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Permission Impossible

Last week saw the return of a BBC documentary looking into the planning system. This time re-branded as Permission Impossible (previous incarnations included ‘The Planners are Coming’)… So how did it fare?

The show saw the return of a number of familiar faces from local authorities, a new group of objectors and several groups of committee members.

Groups of members?!?

Panels perhaps?

But, for such a unique collective of power in local planning there should be a proper plural, as in a Murder of Crows or a School of Sharks…

For it was witnessed throughout the show how much power rests in the hands of the elected members and during a government that brought in the Localism Act that would seem to stand to reason. My only reservation would be on what basis were the Councillors making decisions that overruled those of the qualified planning professionals working for the Council?

Which brings me on to the ‘familiar faces’ of the Council planners! Never in all the years that I worked for local authorities did I once seen the head of planning, that’s right the HEAD of planning, consider any planning applications, let alone a change of use from a former agricultural plot to a builder’s yard. Roll the camera, dust off the scale rule, they were all at it!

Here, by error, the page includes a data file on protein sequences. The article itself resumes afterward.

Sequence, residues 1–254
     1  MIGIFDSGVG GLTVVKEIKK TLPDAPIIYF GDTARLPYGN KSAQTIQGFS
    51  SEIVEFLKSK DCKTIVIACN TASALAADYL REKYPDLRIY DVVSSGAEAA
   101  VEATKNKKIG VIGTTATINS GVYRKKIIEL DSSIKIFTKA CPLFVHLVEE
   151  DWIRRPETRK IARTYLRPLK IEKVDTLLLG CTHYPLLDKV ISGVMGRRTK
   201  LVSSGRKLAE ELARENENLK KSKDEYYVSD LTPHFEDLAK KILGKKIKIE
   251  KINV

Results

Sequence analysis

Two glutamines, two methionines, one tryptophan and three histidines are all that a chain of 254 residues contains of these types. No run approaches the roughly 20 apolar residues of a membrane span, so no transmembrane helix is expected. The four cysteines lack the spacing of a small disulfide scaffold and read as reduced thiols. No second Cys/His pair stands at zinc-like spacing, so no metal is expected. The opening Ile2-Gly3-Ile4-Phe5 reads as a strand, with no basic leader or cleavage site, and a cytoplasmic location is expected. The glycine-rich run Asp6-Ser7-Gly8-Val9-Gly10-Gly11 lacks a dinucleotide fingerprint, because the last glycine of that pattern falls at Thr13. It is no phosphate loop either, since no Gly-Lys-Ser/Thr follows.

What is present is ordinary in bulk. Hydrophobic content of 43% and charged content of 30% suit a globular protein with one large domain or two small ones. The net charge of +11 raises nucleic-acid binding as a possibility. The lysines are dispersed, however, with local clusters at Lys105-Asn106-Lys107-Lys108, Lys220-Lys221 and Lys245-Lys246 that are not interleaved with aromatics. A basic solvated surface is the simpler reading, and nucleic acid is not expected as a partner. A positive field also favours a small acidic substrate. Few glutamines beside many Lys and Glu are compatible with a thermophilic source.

What the show did highlight was that a minority can be very vocal and very organised in their objections to applications. I don’t dispute the distress that some will experience, but as the founder of Redrow Homes said on the show, “we build homes for the objectors of tomorrow”. Everyone is anxious to protect their assets and, for many, the most valuable is our homes. More understanding is needed; we can’t as a country continue as we are because more people means that more houses are needed, we can not allow home ownership to fall into the category of being only available to a privilege few.

The balance between backing a developer or satisfying objectors will never be easily achieved and the job of a Council planner is to judge each proposal on its consistency with adopted policy (with a little help from a carefully worded planning statement by yours truly). In contentious cases their job is then to make recommendations to the planning committee. The Councillors however are elected to represent their constituents and this is where the task of whether to accept a contentious recommendation to grant becomes much harder. It is sometimes going to be a case of voting with either head or heart. Like a Wisdom of Wombats or a Parliament of Owls…

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